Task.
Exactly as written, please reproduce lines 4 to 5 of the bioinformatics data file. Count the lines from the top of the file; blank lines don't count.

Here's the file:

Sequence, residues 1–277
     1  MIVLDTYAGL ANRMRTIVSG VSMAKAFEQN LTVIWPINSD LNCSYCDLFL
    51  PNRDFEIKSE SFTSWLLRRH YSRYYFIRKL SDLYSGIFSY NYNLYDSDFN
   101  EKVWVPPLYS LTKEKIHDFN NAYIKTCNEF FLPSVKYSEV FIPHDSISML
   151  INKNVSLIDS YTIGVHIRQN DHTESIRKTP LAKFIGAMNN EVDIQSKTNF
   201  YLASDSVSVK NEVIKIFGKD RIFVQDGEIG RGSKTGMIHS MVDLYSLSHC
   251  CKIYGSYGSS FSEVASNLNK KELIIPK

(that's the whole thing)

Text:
   101  EKVWVPPLYS LTKEKIHDFN NAYIKTCNEF FLPSVKYSEV FIPHDSISML
   151  INKNVSLIDS YTIGVHIRQN DHTESIRKTP LAKFIGAMNN EVDIQSKTNF